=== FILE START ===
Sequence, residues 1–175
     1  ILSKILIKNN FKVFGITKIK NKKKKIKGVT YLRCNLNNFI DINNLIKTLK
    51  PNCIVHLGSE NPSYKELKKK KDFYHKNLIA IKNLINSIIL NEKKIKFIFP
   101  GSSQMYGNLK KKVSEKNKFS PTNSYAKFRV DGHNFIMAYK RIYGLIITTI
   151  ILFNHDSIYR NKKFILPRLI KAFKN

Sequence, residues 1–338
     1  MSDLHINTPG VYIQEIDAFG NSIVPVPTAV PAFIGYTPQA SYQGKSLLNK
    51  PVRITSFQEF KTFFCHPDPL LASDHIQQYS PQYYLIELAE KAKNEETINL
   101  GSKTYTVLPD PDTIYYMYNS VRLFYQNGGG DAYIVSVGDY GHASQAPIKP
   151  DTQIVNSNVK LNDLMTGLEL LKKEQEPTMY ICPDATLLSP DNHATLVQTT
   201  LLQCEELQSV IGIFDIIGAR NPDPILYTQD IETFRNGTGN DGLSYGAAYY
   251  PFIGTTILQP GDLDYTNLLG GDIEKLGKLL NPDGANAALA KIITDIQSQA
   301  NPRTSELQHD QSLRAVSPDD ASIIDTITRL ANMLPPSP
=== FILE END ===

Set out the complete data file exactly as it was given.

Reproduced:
Sequence, residues 1–175
     1  ILSKILIKNN FKVFGITKIK NKKKKIKGVT YLRCNLNNFI DINNLIKTLK
    51  PNCIVHLGSE NPSYKELKKK KDFYHKNLIA IKNLINSIIL NEKKIKFIFP
   101  GSSQMYGNLK KKVSEKNKFS PTNSYAKFRV DGHNFIMAYK RIYGLIITTI
   151  ILFNHDSIYR NKKFILPRLI KAFKN

Sequence, residues 1–338
     1  MSDLHINTPG VYIQEIDAFG NSIVPVPTAV PAFIGYTPQA SYQGKSLLNK
    51  PVRITSFQEF KTFFCHPDPL LASDHIQQYS PQYYLIELAE KAKNEETINL
   101  GSKTYTVLPD PDTIYYMYNS VRLFYQNGGG DAYIVSVGDY GHASQAPIKP
   151  DTQIVNSNVK LNDLMTGLEL LKKEQEPTMY ICPDATLLSP DNHATLVQTT
   201  LLQCEELQSV IGIFDIIGAR NPDPILYTQD IETFRNGTGN DGLSYGAAYY
   251  PFIGTTILQP GDLDYTNLLG GDIEKLGKLL NPDGANAALA KIITDIQSQA
   301  NPRTSELQHD QSLRAVSPDD ASIIDTITRL ANMLPPSP